The first Fabergé store opens in Geneva
Jaime Hayon has just completed the interior for the new Faberge Geneva Store. The opulent retail space mixes the contemporary with the classic while remaining true to the company’s luxury roots. The elegant boutique enjoys wood-paneled accents and a mostly clean, white design. It is the first shop to open since 1917 when the Russian […]
Jaime Hayon has just completed the interior for the new Faberge Geneva Store.
The opulent retail space mixes the contemporary with the classic while remaining true to the company’s luxury roots.
It is the first shop to open since 1917 when the Russian Revolution brought an end to the House of Fabergé, the celebrated jewellers who created fantastical Imperial Easter Eggs for Tsar Nicholas II, among others.
The Bolsheviks seized the Fabergé workshops at the time, and the family fled to Germany and then to Switzerland, where the master craftsman died in 1920.
In the years that followed, the family lost the rights to their name and saw it used to build a perfume empire that was later sold to Unilever for $1.55 billion in 1989.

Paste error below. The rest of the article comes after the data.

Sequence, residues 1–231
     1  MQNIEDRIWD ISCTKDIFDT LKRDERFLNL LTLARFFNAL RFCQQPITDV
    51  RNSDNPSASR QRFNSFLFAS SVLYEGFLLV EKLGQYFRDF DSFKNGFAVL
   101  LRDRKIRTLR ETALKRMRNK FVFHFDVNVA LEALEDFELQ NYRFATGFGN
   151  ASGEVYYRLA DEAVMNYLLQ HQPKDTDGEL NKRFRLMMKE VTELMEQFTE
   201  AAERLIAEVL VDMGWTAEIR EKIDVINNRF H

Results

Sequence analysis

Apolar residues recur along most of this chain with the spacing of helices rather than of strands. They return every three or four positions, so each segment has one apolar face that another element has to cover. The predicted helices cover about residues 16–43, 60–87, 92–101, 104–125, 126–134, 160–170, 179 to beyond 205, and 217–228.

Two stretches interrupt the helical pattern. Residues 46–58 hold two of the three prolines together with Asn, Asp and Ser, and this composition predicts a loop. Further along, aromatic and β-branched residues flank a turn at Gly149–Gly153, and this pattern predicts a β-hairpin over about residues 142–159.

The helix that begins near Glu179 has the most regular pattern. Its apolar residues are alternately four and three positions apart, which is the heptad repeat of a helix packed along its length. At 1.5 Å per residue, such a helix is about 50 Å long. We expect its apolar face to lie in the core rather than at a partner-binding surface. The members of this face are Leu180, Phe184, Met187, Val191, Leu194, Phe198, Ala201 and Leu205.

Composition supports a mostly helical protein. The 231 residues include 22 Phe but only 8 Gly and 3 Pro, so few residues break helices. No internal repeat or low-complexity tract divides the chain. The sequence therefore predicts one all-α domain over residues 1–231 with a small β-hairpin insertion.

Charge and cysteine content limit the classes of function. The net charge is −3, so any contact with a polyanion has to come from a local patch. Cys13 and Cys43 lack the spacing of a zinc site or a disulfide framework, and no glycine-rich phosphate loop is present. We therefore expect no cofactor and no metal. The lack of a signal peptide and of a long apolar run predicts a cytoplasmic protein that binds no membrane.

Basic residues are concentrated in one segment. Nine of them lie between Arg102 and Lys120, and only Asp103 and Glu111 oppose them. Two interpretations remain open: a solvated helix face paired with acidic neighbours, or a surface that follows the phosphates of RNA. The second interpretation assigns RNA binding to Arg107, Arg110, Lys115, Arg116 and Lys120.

Private equity firm Pallinghurst Resources finally bought the name for an undisclosed sum in 2007, with a view to reuniting the brand with the family and associating it once again with high-end jewellery.
Pieces in the new collection start at a retail price of $30,000 with an average price of $200,000.
The interior of the Fabergé boutique presents an innovative approach to the High Jewellery experience, with its expression of modern luxury through simplicity and sensuality.
The concept and design focuses on superlative craftsmanship, sensually minimal shapes and forms, and exquisite materials, including silk wall drapes, rare woods and Carrara marble.
The materials used give the boutique an organic and dynamic feel balanced by a serenity that comes from the tonality of neutral, silvered metallic shades.
Light and luminosity that flood the boutique form the central theme of Hayon’s interior design.
Simple open spaces are bathed in the reflections of mirrors and in outside light that drifts through the tinted glass of cut-out gem-shaped panels in tall interconnecting doors.